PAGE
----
I posted this in December 2022 on my German website. Many of you asked me if I can post this in English as well but it took me a while to find the time to translate it, but here it is.
Which shirt and who is Marsha you are probably wondering. Well I want to tell you the story that started in Berlin and ended some time ago in New York. Ibiza also has something to do with it.
Anyone who knows me well, knows that I often dress in invisible black, but I also like colour, atypical cuts and designs. The choice of my daily looks does not only depend on the daily schedule and my mood, but also, and this often annoys me, on the districts and places I visit and the people I will meet. I hate it, one of my biggest mistakes is thinking too often about how I might come across to others.
Although Berlin is said to be so open and tolerant, I often dress extremely casually and unobtrusively here, especially when I visit certain parts of the city. Sometimes I wish I was “cooler” in this regard, but there are more and more experiences where mostly tourists but also certain Berliners stare at me, look at me uncomfortably or even secretly film, but more on that later.
By the way, I often hear that I dress too youthfully. Who puts up crap like that anyway?
Berlin, April 12, 2022
Earlier this year I found a shirt online that I fell in love with. I often don’t like normal cotton shirts. As a non-slim person, those in my size often look shapeless and baggy, especially after a few hours of wearing. And I really shouldn’t wear tight muscle shirts anymore, they not only look like “Tamara, the dancing pressed sausage” to me, but also like to roll up to my belly and a “Jaqueline Chantal belly top” doesn’t look tingly on me either. Also, I hate being constrained in clothes.
The new shirt I loved was made of slightly heavier cotton knit, flattered fat, residual muscles and old skin optimally, even after hours of wear.
Since I’m often on the go, I bought it twice, a bargain, since it was on sale.
Ibiza, June 2022
Somehow I hadn’t decided to wear my beloved shirt until then, so I packed it for a trip to Ibiza.
I wore it there to go shopping, to restaurants and even to hippie events. On the latter occasion, it seems logical that the shirt was well received. But the market women, other Ibizans and a few foreign tourists also complimented the shirt. Well, I tend to take compliments with a pinch of salt because nothing is easier to lie and snort about. On the other hand, I sometimes prefer a polite lie to unsolicited criticism, which can often be very intrusive. Americans, for example, often tend to say nice things and give lying compliments, but somehow you can always tell when they really mean it and when it’s a lie. Especially if you get compliments from a complete stranger who only speaks to you because of that, you can assume that it is meant seriously – or you’ve ended up with beggars, serial killers and/or psychopaths. But better such a person than a chronic hater, but more on that later.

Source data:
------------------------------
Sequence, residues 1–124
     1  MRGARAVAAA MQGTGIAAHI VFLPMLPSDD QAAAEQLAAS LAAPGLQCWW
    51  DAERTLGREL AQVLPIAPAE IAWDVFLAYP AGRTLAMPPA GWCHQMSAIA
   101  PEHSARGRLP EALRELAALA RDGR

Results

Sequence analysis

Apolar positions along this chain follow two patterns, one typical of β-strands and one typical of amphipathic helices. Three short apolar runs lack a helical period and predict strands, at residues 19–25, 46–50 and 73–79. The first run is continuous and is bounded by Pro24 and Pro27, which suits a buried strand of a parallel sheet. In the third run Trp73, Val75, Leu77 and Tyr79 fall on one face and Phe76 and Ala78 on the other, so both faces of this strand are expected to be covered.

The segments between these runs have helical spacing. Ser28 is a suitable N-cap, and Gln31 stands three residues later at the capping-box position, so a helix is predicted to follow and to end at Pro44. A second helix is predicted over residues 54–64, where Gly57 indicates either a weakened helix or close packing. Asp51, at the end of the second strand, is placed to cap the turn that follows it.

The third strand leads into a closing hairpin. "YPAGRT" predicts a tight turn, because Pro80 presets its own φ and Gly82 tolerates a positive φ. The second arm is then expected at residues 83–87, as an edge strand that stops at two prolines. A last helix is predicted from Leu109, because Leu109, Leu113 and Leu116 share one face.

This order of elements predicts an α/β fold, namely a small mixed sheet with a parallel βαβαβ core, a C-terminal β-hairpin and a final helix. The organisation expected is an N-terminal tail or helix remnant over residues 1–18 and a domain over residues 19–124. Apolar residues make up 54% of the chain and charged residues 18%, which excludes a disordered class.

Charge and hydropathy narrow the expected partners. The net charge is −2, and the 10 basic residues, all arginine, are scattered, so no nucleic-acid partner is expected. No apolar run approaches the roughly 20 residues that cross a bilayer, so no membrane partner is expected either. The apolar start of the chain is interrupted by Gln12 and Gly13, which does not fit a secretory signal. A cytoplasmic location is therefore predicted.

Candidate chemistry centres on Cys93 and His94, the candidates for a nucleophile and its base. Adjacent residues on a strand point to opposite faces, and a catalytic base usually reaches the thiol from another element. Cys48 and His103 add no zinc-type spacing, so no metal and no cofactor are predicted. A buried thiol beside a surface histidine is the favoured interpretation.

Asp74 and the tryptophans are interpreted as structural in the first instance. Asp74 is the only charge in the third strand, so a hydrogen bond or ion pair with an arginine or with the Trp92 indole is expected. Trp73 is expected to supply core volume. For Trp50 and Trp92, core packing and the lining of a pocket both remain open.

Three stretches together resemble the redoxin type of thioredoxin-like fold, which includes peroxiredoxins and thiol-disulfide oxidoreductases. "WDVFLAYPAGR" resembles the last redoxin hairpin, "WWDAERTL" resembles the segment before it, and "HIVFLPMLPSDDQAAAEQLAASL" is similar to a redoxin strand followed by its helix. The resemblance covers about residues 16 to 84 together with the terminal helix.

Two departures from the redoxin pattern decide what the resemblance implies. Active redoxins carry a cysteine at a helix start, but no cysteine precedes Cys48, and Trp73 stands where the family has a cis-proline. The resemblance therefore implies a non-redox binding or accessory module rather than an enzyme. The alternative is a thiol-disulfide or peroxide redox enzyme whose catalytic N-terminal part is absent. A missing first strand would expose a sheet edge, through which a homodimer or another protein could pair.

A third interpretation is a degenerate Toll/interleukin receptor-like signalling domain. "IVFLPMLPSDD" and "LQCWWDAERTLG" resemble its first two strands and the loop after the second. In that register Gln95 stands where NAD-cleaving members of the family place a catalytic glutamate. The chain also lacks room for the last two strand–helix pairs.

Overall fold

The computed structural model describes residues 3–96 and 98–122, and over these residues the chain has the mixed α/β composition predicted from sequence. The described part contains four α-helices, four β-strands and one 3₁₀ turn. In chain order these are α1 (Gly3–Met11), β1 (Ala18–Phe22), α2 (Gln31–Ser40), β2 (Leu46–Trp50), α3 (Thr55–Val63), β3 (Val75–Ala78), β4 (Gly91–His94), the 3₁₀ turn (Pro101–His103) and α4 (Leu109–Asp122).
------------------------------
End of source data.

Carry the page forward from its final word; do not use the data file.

Personally, I like to give compliments, which I get the impression that people in Germany are often kind of shocked. I am a very critical person, but I have got used to never criticizing without being asked, but I would also never give praise or compliments if I didn’t mean it. In such cases, I’m good at keeping quiet. In other situations I would sometimes wish for that too, but unfortunately I also have Shade sucked in with breast milk and sometimes it has to come out too. But I always say, as long as the shade doesn’t end in bitterness everything is ok. So if you get a compliment from me at some point, it’s usually meant honestly, that’s how it is with Spanish-Catalan market women in Ibiza, and my shirt was actually popular there.
With the certainty that I had a really nice, comfortable and practical shirt, I flew back to Berlin.
Berlin, July 20, 2022
Back in Berlin it was time for some cultural events and it was Pride Season. My very talented, dear friend* Barbie Breakout had a live podcast in Central Berlin that I wanted to go to. It was a very hot day and what could be more natural than to bring a bit of Ibiza to the big city close to the Polish border aka Berlin. In addition, my beloved shirt was also very grateful in terms of sweat. I only made one crucial mistake that day, I used public transport, which is today apparently better only done in invisible black or jogging clothes.
I’m used to the fact that tourists stare at me when I leave my apartment on Kurfürstendamm. But hey, if blue jeans, white sneakers and my floral shirt make these people stare, then it must be really gray in the provinces.
Well, I took the bus to Anhalter Station to change to the underground train to get to the venue in central Berlin. Two young men were lounging on the very empty platform, who at first just stared at me and then thought they had to call me a shit fag with a gay shirt. I just kept walking and luckily I noticed that they were following me. Out of the corner of my eye, I noticed one of the two running up to kick me in the back. I had a quick moment of reaction and a lot of luck, because my backpack filled with two full 1l mineral water glass bottles was hanging over one shoulder and when I turned around I threw the attacker in his face, who then fell to the ground and was bleeding from his mouth and nose. His buddy was frozen in shock and I was able to save myself with the elevator a few steps away and got to the surface. At the taxi rank a few yards away, I trembled into a car and drove home. My evening was messed up.